• Last modified 3942 days ago (Aug. 9, 2008)


Changes are in the air at Tabor

College president wants to serve Kansas and beyond, prepare students for the future

Staff writer

(Editor’s Note: Information about the college’s centennial celebration with the dedication of Centennial Plaza and a new gathering place for students and Hillsboro residents will be revealed in next week’s newspaper as the interview with President Glanzer continues.)

It is an exciting time at Tabor College.

This is the start of the new school year at Tabor with new president Dr. Jules Glanzer at the helm.

So, what has Glanzer been doing since he arrived on campus in February and his inauguration in May?

Listening. Listening to faculty, constituents, donors, alumni, and community members.

“I’ve been asking them, ‘What would you like to see?’” Glanzer said. “A number of changes will come.”

Glanzer said some of those changes will be revealed at an employees’ meeting later this month.

Providing a Christ-centered college education includes staying ahead of the times.

“We’re preparing students for jobs that don’t yet exist,” Glanzer said with a sense of urgency and excitement in his voice. “How students learn these days is different and how our faculty has to teach and prepare them is different.”

Electronic media has changed the world — even in classrooms in rural central Kansas.

“We need to become more efficient in serving Kansas and beyond. We need to consider new programs that are needed,” Glanzer asked.

He continued that the college’s education department is exploring ways to serve rural Kansas with teacher and nurse shortages. Glanzer said there also is a shortage of bank officers in the rural areas. Also in the works is a new social work program.

“Growth needs to come from serving people,” he said.

And growth is what Glanzer is anticipating with the possibility of a record number of freshmen beginning the fall 2008 semester.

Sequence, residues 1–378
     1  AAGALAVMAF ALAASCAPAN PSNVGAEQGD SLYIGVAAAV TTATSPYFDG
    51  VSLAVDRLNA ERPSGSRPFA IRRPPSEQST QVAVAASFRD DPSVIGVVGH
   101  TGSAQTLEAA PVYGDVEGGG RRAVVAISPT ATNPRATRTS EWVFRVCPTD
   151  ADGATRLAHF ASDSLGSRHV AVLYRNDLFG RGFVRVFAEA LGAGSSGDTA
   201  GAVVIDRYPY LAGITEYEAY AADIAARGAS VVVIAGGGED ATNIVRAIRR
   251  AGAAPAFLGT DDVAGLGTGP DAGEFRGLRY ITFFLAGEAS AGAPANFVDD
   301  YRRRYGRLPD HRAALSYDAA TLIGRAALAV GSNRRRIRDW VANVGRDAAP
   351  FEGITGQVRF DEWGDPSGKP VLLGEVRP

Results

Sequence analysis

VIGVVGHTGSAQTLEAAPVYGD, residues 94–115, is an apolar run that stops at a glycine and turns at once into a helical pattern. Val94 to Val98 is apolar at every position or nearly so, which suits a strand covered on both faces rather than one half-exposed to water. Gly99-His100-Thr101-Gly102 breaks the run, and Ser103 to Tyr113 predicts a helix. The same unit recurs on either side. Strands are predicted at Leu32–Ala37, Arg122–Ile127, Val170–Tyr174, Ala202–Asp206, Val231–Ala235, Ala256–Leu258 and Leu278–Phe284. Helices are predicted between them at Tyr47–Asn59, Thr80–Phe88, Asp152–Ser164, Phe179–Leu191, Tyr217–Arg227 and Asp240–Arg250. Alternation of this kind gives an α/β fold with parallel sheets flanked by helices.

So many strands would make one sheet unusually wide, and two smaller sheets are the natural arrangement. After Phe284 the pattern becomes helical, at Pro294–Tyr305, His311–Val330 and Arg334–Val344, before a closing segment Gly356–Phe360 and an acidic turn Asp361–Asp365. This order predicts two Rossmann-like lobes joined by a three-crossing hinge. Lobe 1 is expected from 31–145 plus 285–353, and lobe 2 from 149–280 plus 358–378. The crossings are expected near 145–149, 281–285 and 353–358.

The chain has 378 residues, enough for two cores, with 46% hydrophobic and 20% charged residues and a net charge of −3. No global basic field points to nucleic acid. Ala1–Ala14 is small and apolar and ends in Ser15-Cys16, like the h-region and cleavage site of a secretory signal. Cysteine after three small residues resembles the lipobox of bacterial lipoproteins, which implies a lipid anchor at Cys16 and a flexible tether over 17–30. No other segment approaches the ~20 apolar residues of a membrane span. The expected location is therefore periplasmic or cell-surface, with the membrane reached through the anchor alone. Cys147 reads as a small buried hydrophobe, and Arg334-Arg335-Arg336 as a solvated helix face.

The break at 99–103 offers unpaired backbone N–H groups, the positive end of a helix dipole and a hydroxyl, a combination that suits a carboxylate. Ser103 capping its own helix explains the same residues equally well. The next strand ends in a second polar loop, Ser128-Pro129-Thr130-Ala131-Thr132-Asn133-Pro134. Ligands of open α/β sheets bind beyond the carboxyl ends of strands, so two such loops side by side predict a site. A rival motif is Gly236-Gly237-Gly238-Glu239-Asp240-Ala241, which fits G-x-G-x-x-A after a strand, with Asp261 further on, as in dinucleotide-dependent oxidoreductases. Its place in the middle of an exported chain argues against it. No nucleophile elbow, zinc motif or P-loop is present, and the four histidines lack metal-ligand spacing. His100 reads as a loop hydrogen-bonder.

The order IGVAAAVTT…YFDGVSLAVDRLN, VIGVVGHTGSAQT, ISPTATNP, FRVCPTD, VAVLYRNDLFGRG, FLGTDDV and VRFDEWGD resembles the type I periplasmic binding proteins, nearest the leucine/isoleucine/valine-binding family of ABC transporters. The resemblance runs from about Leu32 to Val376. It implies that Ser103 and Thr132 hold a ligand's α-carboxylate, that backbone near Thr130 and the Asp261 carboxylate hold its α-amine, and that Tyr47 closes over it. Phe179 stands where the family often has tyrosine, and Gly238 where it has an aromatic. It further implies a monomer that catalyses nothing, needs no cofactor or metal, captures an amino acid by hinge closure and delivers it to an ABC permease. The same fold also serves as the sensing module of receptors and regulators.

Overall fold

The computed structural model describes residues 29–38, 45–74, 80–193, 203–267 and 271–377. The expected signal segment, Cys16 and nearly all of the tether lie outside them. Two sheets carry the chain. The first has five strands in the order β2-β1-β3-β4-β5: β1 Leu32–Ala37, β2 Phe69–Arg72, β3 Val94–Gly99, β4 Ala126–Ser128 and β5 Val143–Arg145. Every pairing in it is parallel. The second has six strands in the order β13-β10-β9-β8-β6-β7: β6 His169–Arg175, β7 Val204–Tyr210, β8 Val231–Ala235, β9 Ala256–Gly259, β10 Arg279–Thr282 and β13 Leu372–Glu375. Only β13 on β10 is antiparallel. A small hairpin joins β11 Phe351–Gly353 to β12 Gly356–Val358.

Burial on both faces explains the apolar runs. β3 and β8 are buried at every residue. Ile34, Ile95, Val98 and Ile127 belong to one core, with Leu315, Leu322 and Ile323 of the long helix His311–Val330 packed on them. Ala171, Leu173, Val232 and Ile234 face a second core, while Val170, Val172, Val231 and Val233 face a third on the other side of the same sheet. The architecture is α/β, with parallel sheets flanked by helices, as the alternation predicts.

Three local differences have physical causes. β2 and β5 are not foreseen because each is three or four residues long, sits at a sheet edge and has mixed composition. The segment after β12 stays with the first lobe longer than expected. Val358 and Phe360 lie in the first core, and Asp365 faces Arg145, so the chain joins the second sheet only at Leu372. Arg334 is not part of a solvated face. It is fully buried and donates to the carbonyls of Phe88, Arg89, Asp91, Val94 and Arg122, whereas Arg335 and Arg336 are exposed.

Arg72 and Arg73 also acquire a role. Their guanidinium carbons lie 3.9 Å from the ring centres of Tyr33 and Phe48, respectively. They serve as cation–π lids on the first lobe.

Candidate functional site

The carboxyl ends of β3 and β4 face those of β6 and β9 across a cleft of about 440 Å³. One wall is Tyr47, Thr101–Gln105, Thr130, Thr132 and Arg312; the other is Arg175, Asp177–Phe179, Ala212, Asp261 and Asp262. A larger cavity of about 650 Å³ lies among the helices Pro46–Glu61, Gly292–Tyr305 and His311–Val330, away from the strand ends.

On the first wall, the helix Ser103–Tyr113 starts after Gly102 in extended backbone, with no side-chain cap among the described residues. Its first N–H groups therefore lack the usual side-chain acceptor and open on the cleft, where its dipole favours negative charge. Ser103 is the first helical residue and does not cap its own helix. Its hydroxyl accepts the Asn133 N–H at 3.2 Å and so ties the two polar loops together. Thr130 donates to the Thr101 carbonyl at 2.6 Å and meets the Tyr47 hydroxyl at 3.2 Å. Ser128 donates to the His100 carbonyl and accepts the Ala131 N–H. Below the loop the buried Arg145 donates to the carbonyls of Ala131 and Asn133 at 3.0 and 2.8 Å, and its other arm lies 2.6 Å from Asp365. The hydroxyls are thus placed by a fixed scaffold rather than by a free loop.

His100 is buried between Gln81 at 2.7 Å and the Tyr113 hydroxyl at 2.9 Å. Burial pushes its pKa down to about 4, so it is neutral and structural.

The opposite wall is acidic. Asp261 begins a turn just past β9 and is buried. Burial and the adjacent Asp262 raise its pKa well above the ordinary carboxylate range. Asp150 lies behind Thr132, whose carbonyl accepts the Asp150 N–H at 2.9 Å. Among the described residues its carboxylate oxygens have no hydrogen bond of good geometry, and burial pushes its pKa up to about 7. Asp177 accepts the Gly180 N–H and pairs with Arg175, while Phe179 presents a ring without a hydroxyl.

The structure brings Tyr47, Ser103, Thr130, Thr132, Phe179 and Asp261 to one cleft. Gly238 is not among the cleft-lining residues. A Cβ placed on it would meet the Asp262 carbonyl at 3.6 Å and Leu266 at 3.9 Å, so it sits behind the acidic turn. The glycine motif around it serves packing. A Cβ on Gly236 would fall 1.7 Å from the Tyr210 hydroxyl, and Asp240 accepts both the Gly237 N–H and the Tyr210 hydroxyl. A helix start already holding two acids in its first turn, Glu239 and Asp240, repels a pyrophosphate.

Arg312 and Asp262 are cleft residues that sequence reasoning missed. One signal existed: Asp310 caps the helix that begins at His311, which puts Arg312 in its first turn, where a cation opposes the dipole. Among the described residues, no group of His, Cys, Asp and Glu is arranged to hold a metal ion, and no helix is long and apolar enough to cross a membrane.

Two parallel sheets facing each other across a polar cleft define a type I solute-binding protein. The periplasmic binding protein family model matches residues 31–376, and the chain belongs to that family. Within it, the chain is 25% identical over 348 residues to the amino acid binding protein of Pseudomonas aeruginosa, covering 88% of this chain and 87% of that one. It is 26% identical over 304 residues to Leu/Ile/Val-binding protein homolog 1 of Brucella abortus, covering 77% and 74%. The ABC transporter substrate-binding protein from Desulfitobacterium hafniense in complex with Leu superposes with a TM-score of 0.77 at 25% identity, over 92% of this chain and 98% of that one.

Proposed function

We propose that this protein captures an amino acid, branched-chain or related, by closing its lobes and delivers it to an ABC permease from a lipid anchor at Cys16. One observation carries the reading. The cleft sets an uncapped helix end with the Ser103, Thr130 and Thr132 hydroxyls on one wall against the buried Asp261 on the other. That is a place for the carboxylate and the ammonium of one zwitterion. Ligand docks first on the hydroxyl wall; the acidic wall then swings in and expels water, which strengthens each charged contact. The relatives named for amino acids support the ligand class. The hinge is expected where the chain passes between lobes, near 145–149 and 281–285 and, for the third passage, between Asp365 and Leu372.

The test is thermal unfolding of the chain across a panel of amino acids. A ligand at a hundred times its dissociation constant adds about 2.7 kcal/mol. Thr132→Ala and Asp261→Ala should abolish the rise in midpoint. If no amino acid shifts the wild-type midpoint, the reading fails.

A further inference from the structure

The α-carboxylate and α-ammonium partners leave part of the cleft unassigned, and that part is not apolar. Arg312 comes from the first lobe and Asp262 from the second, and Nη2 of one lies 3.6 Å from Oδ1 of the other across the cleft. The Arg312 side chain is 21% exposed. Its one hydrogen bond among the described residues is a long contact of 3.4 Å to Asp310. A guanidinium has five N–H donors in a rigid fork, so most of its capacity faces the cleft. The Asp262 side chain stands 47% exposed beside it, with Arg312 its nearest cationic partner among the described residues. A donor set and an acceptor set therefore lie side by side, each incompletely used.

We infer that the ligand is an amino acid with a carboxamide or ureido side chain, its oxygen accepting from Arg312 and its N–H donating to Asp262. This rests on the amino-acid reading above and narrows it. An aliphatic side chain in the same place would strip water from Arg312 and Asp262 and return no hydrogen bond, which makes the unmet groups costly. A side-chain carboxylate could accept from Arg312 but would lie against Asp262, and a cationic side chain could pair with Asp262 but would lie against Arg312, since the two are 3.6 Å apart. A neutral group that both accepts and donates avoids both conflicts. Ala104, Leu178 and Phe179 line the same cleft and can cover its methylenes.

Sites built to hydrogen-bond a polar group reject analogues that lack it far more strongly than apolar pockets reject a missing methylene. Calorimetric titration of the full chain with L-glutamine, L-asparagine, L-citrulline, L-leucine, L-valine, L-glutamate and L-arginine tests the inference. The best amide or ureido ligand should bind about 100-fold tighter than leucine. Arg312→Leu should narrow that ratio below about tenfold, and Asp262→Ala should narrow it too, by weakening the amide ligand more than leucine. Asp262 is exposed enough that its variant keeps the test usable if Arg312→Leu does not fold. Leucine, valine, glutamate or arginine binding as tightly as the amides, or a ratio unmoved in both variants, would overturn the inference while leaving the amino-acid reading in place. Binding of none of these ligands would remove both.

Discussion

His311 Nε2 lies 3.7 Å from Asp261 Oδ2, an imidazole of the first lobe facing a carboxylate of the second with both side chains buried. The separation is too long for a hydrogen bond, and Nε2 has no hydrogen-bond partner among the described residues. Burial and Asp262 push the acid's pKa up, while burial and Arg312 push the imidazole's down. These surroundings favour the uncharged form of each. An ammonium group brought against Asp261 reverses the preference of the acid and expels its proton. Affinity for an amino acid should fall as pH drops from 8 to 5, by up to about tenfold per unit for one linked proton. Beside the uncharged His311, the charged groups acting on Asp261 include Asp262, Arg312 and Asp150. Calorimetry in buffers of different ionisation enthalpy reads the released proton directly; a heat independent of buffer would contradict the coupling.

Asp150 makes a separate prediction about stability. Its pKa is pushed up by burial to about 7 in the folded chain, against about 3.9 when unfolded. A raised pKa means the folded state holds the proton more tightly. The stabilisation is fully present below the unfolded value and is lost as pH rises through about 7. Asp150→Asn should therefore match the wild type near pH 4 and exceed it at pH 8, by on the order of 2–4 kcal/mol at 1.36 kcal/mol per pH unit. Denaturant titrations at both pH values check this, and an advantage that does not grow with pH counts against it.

While many smaller institutions are showing declining enrollment, Tabor is not.

“Indicators are pointing toward a class of 200,” Glanzer said. He was quick to add that those numbers could fluctuate 10-20 students either direction.

“We won’t know for sure until after freshman orientation the last weekend of August,” he said.

Evening classes will begin Sept. 1 with day classes beginning the next day.

Returning students will notice that two of the dormitories have been remodeled.

Beginning Sept. 1, the college’s new logo officially will be implemented.

Glanzer also knows there will be somewhat of a “reality check” for returning faculty and students, adjusting to a new president and administration, and the changes that come with that.

Relatively young for the position, Glanzer, who is 55, knows his role as college president is changing.

“Students want authentic,” he said. “My predecessor (Larry Nikkel) was that way.”

Glanzer also noted that the organization of the college has changed. Instead of a noticeable hierarchy with the president at the top, Glanzer said communication is important.

“This is not a democracy but we can share the table,” he said.

There is an expectation of transparency and authenticity from the president, Glanzer said, and he intends to provide it.

About President Glanzer

When President Nikkel decided to retire, the Tabor College board of directors spent much time and energy seeking a new president.

The Tabor graduate did not seek the position. The board sought him and considered him to be the ideal candidate.

As a matter of fact, Glanzer accepted the position on his 55th birthday.

Glanzer grew up on a traditional Mennonite Brethren farm near Mitchell, S.D. He married Peggy Todd in 1972. They have three children, Jeremy, Nicole, and Matt. Their three children and their children’s spouses are all Tabor College graduates.

A 1974 business administration graduate of the college, Glanzer received his Master of Divinity in 1978 from Mennonite Brethren Biblical Seminary, and Doctor of Ministry in Leadership and Church Management in 2000 from Fuller Theological Seminary.

Glanzer served as a pastor in the Mennonite Brethren and Evangelical Covenant denominations for nearly 25 years.

Before his acceptance as college president, Glanzer was the dean at George Fox Evangelical Seminar, Portland, Ore.

He was a pastor of Ulysses Mennonite Brethren Church from 1978 to 1982, and was founding pastor of Faith Community (Evangelical Covenant) church in Houston, Texas, from 1987 to 2001.

He also taught religion courses as an associate professor at George Fox Evangelical Seminary, was an adjunct professor at Houston Graduate School of Theology, and presented seminars and lectures in the U.S. and throughout the world, including St. James Bible College in Magadan, Russia.

Last modified Aug. 9, 2008